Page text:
Note: This is an excerpt from a draft of my thesis, A Computer Model of National Behavior. The introduction and table of contents are also available
4.1 Objects and Data Types
The system described in the thesis models the behavior of nations and how they change themselves, the populations that make them up, and the political systems that emerge from their actions. Therefore these aspects of nations, people, and politics, have to be represented quantitatively. A naiveapproach would start work immediately with the assumption that three class types corresponding to the above aspects would be used. However, a better method is possible.
In OO design a system is made up of things or “objects” which have properties (such as the weight of a rock and the sharpness of a knife) and methods (such as knives cutting or rocks falling). Joines and Roberts note that “[OO] systems view the world as a set of autonomous agents that interact or work together to solve some complex task.” As the only autonomous agents in this model are nations, nations is the sole object type used.
So then will the model just have many nations objects competing and cooperating, with populations and politics stored as a complex data type for each nation? A strict OO system might use this approach, but this is not how we think of populations and politics, and so it would merely work to sabotage the third benefit of OO design mentioned. The model therefore needs some approach to complement the OO method. Fortunately, the very common Entity-Relation (ER) design style fits this situation perfectly.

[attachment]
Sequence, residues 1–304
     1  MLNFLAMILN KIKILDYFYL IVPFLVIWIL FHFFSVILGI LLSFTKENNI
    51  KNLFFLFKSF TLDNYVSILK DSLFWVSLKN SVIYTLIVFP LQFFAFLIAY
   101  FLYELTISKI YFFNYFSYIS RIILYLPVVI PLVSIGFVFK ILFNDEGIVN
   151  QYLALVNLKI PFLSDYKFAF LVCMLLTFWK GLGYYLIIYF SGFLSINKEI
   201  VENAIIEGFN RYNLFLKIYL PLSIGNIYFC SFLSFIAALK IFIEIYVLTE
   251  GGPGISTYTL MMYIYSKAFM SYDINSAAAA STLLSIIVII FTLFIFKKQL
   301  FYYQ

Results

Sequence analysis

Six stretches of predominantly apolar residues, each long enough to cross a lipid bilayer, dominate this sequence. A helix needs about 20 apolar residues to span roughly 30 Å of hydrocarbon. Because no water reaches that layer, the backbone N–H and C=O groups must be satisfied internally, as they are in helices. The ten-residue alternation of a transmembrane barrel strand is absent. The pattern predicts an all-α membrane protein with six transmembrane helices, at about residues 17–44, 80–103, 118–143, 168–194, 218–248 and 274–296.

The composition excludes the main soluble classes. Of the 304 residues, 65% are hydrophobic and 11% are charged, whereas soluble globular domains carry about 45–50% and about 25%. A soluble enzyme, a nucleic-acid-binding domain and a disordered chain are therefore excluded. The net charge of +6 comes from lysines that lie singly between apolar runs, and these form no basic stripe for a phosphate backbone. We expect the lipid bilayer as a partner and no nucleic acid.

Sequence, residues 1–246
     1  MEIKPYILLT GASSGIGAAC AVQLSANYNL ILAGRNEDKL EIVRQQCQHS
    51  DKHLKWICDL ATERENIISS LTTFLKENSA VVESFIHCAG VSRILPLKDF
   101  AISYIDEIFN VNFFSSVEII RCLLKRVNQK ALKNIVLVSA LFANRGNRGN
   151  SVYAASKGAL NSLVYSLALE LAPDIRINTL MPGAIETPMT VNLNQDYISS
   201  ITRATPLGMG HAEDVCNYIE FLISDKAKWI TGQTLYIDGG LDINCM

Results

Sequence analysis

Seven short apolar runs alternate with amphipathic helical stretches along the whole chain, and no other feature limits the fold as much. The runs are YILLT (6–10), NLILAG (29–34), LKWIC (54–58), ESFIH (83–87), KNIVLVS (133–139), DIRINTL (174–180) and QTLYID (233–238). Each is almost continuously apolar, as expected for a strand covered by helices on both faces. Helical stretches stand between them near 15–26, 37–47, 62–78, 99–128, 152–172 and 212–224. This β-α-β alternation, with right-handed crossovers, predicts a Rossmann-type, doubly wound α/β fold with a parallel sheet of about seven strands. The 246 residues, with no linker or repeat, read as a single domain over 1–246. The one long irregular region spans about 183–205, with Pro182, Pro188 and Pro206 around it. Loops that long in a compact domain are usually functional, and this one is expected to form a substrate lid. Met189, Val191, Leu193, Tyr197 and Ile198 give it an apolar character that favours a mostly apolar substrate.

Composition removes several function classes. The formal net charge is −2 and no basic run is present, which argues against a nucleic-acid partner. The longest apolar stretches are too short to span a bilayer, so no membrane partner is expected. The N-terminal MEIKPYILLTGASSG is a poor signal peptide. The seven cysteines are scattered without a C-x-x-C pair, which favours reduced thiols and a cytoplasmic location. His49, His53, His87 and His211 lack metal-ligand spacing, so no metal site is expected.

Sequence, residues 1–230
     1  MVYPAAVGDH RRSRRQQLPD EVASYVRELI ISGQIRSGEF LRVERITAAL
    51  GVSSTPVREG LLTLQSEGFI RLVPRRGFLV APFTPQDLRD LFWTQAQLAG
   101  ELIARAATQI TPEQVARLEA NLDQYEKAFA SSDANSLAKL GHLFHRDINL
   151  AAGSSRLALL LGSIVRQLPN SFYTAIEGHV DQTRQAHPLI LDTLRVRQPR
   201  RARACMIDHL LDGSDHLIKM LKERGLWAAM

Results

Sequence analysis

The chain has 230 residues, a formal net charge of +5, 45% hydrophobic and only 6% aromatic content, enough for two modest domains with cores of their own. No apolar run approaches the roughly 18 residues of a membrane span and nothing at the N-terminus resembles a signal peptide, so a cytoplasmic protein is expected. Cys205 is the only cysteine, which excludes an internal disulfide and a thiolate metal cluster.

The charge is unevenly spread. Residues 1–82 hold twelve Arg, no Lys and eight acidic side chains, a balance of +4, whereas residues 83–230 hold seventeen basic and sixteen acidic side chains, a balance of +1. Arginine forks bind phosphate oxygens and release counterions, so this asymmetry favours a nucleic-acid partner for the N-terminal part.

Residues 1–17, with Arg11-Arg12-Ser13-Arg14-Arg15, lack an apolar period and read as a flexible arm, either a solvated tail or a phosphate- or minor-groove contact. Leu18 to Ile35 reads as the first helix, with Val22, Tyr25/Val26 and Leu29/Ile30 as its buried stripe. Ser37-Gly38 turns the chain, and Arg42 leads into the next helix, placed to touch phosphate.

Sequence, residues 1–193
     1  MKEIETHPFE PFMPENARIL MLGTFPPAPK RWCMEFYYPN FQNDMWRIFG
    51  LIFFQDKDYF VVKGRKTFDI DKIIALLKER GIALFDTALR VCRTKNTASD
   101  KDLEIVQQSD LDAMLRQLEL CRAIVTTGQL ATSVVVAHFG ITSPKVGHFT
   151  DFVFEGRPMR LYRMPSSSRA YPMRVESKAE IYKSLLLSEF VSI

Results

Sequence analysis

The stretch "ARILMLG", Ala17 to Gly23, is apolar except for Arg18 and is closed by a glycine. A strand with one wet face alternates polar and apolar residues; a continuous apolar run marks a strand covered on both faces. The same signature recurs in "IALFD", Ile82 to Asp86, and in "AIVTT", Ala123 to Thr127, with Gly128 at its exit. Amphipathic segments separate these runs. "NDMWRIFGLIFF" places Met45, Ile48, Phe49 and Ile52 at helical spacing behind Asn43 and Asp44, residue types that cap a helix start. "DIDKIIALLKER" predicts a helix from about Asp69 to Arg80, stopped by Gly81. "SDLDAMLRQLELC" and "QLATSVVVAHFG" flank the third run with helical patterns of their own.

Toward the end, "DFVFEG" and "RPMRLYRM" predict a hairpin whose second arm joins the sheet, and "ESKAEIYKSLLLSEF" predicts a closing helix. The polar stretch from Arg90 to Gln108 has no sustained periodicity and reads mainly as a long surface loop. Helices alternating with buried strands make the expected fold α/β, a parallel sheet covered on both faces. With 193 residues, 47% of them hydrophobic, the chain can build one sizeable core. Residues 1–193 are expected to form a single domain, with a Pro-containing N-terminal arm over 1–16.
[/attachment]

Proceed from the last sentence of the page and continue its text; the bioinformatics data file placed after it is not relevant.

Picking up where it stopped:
The ER model was created in the 1970 by E.F. Codd as a way of designing and organizing databases. Like OO design it attempts to view the model as humans do. Codd describes it as providing “a means of describing data with its natural structural only – that is, without superimposing any additional structure for machine representation purposes.” It does this by using entities, which are analogous to objects, and relations or relationships, which describe how entities pertain to each other. Entities represent the real-world object about which data is being collected. So populations and politics might be represented as entities. All entities are made up of attributes, so the hypothetical populations entity might have the number of people in it and their average wealth as attributes. Each important association between entities is shown as a relationship. Therefore the relation of populations to politicsmight be one-to-one (each population is associated with and only with one body politic), one-to-many, many-to-one, and many-to-many. The exact nature of the relation can be defined more precisely, but the basic types of relations have been listed above.
Unlike objects in OO systems, entities in ER systems do not have methods. The ER design is appropriate for determining which data can be stored, but it has no way to indicate what entities can do. For this system, this is a benefit because it clearly allows us to separate nations, which can act, from everything else that cannot.